Tuesday, October 26, 2010

Clipper Mill Federal, LLC v. The Cincinnati Insurance Co. (Maryland U.S.D.C.)

Filed: October 20, 2010
Opinion by Judge J. Frederick Motz

Held: When alleged property damage arising from an insured's failure to perform under a contract is limited to the property to be provided under the contract, there is no "occurrence" subject to coverage under a commercial general liability policy.

A "pollution exclusion" written to encompass more than environmental pollution will be enforced according to its plain terms.

Where a court cannot rule out the "potentiality of coverage" for even a single claim, the insurance carrier has a duty to defend all claims.

Facts: Tenants sued their landlord for defects in the HVAC system on a leased premises. The tenants alleged that the system failed to balance temperature, conducted sound between rooms, and exposed them to toxic and dangerous airborne pollutants. The tenants alleged six counts: 1) breach of warranty of quiet enjoyment, 2) negligence, 3) negligent misrepresentation, 4) strict liability, 5) nuisances, and 6) loss of consortium.

The landlord tendered the defense to its insurance carrier. The insurance carrier denied coverage, and the landlord sued seeking a declaration that the insurance carrier had a duty to defend the underlying litigation.

Analysis: Under Maryland law, the obligation of an insurance carrier to defend its insured is determined by the allegations in the tort actions. If the plaintiffs in the tort suits allege a claim covered by the policy, the insurer has a duty to defend. The duty to defend arises whenever there is a "potentiality that the claim could be covered by the policy." If there is a possibility, even a remote one, that the claims could be covered, there is a duty to defend. Any doubt as to whether there is a potentiality of coverage is ordinarily resolved in favor of the insured.

The analysis depends on the allegations of the underlying complaint. If these are ambiguous, the insured may rely on extrinsic evidence. The insurance carrier, however, may not use such evidence to contest coverage if the allegations sufficiently establish a potentiality of coverage. If any claim is potentially covered under the policy, the insurer is obligated to defend all claims. The insurance carrier argued it had no duty to defend on several grounds.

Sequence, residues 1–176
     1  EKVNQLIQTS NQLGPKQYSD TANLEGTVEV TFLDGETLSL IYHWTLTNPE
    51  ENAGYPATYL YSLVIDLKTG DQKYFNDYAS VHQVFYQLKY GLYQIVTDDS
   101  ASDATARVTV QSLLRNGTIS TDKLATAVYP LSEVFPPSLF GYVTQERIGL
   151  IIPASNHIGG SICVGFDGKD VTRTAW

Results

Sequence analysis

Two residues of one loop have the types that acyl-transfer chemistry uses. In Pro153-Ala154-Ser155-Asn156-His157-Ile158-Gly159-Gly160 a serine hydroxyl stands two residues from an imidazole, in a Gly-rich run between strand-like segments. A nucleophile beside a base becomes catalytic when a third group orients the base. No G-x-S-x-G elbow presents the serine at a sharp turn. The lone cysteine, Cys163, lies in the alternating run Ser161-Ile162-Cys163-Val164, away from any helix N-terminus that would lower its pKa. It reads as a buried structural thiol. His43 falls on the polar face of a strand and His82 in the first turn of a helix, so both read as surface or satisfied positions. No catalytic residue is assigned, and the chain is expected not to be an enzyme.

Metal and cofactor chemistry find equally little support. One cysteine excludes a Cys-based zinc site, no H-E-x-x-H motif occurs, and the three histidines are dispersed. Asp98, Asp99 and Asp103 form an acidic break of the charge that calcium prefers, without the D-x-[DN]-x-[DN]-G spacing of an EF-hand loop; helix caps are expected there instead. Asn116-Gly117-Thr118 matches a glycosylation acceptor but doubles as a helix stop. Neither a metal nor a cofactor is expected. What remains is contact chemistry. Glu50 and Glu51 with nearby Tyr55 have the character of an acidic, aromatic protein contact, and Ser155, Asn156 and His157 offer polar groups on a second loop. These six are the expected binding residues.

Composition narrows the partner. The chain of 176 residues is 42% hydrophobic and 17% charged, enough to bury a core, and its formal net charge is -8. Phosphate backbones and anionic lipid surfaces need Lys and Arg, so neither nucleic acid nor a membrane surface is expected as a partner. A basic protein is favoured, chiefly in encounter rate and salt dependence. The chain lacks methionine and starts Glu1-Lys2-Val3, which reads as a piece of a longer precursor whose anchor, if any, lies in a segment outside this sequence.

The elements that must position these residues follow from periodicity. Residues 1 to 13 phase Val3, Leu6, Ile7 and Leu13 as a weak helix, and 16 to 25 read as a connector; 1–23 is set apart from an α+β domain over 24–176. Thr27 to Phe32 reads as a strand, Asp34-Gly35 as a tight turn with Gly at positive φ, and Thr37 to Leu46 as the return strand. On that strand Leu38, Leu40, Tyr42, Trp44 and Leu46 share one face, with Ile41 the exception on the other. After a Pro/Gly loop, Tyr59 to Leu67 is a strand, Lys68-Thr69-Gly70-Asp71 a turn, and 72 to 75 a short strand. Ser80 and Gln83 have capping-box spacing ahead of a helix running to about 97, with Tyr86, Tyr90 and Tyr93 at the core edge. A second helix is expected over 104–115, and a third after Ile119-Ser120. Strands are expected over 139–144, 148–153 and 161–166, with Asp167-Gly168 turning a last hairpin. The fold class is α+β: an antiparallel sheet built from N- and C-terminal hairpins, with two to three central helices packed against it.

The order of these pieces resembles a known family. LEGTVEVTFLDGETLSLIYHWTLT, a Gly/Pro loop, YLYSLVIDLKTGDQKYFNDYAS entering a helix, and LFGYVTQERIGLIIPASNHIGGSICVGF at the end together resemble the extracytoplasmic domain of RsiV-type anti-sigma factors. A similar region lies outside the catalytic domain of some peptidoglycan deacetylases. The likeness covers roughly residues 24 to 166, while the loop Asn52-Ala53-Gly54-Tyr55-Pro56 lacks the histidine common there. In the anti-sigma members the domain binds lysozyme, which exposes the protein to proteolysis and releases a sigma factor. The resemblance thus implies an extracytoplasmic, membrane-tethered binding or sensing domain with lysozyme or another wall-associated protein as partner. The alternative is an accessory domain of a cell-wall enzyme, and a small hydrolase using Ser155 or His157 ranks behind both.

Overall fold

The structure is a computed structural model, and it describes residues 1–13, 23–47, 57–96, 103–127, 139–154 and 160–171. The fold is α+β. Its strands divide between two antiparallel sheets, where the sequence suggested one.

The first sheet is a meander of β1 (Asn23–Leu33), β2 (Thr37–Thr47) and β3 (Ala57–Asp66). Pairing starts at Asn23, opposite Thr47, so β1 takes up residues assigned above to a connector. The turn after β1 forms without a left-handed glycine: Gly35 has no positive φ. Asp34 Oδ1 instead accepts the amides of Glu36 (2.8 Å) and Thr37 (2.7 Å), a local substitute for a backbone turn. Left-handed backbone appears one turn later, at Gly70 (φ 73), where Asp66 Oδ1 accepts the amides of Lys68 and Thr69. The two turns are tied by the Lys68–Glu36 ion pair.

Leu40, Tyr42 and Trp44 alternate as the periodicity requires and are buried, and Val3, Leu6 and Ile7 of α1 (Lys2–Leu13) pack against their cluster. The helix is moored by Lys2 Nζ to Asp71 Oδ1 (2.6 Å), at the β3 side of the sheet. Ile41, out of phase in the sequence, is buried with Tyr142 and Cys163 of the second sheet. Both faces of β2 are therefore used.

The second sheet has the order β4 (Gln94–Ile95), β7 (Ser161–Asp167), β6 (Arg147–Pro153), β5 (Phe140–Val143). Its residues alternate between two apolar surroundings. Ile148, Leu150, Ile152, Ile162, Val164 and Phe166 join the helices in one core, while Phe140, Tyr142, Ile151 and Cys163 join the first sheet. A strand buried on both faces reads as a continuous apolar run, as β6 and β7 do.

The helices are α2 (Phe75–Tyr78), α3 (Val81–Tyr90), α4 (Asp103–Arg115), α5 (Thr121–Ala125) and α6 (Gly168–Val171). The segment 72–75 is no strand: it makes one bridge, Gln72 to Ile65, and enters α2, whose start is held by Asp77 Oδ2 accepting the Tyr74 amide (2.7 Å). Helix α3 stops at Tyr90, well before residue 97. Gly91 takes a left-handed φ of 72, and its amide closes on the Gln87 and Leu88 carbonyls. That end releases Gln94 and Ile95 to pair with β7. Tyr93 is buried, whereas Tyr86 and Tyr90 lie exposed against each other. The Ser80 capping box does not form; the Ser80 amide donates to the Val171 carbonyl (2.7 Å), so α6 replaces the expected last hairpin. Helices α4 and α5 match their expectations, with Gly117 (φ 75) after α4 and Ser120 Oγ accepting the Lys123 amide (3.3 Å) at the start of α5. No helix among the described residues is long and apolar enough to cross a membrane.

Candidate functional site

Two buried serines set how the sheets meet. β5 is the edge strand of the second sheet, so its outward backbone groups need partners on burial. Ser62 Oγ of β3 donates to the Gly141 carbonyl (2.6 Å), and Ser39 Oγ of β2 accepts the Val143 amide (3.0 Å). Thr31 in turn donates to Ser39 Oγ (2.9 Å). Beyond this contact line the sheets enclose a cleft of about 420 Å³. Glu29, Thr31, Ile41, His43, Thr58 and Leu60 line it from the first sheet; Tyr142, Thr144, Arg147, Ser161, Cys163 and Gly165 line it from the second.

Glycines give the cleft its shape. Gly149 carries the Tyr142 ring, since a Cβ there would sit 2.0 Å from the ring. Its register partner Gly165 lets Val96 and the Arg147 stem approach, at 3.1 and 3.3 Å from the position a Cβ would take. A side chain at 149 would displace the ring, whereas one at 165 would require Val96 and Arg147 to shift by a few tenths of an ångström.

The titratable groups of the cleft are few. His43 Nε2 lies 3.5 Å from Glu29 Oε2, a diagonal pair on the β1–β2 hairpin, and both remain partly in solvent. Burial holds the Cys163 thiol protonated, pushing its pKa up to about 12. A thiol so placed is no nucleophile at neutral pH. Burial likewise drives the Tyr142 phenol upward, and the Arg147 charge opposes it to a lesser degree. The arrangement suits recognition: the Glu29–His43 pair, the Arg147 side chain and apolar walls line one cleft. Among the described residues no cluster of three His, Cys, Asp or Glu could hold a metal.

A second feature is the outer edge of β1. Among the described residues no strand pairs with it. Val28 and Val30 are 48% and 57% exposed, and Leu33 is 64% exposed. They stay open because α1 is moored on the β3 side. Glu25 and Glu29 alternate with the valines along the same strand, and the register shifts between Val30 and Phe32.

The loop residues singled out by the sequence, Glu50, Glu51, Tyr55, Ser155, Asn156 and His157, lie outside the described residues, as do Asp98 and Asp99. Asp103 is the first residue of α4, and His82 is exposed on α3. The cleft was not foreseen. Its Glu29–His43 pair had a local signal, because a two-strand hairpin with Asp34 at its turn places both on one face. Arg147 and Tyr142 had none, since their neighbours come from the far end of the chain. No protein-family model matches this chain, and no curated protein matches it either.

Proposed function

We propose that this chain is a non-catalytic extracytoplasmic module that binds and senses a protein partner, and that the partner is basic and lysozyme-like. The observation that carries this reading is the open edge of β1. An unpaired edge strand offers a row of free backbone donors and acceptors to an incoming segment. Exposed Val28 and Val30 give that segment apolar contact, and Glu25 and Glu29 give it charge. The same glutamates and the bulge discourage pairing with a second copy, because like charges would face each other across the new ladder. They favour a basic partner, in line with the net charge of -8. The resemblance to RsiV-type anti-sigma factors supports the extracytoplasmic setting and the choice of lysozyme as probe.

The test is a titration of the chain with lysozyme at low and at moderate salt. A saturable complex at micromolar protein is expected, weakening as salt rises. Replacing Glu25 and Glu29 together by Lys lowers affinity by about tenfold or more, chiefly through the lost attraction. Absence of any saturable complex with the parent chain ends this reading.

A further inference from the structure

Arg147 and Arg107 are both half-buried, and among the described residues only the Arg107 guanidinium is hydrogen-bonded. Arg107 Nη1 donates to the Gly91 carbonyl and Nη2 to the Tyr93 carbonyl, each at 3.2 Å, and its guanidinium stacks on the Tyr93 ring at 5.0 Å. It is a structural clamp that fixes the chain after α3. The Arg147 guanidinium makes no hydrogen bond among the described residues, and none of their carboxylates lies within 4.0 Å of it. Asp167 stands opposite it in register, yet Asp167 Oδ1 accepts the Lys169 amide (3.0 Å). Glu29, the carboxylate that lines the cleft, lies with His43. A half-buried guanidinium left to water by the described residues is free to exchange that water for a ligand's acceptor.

No "Occurrence":
First, there was no "occurrence" subject to coverage. Rather, the alleged damages were caused by the landlord's failure to fulfill its contractual obligations under the lease. Because the plaintiffs' alleged damages involved only the use of the property that the landlord was obligated to provide, the court concluded that the damage was not the result of an "occurrence," as defined by the policy and Maryland law, and thus was not covered.

Pollution Exclusion:
Second, the insurance carrier argued the pollution exclusion barred coverage for damage caused by the alleged "airborne pollutants." The landlord countered that the pollution exclusion applied only to environmental pollution. The exclusion provided:
"Pollutant” means any solid, liquid, gaseous or thermal irritant or contaminant, including smoke, vapor, soot, fumes, acids, alkalis, chemicals, petroleum, petroleum products and petroleum byproducts, and waste. Waste includes materials to be recycled, reconditioned or reclaimed. “Pollutants” include but are not limited to substances which are generally recognized in industry or government to be harmful or toxic to persons, property or the environment regardless of whether the injury or damage is caused directly or indirectly by the “pollutants” . . .
The court noted that the Maryland Court of Appeals concluded that pollution exclusion in a commercial general liability policy did "not apply beyond traditional environmental pollution situations." Clendenin Bros., Inc. v. United State Fire Insurance Co. The court further noted, however, that an insurance policy is a contract and is to be read as any other contract. Thus, although the Maryland courts previously determined the meaning of a pollution exclusion, the parties to subsequent insurance contracts remain free to change the scope of the exclusion by altering the language of the contract. The policy in the present case contained an important distinction from that involved in Clendenin Bros. Specifically, it tracked the traditional language but added "‘Pollutants’ include but are not limited to substances which are generally recognized in industry or government to be harmful or toxic to persons, property or the environment. . . .”

The addition of this sentence expanded the definition of pollutant beyond environmental pollutants to include irritants and contaminants that harm persons but not the environment. Accordingly, the pollution exclusion applied to bar coverage for the alleged claim.

Bodily Injury Claims & the Pollution Exclusion:
Finally, the insurance carrier admitted that the bodily injury claims alleged harm to something other than the insured's work product but argued that they too were precluded by the pollution exclusion. The court concluded, however, that the claims were covered by an exception to the pollution exclusion for bodily injuries caused by the inadequate ventilation of "vapors." The basis: though the complaint did not allege facts placing the airborne particles within the definition of "vapors," it did not foreclose the possibility either. Accordingly, the court could not rule out the possibility that the exception applies, and a potentiality of coverage existed.

On that basis, the court held that the insurance carrier had a duty to defend all claims.

The full opinion is available in pdf.

No comments:

Post a Comment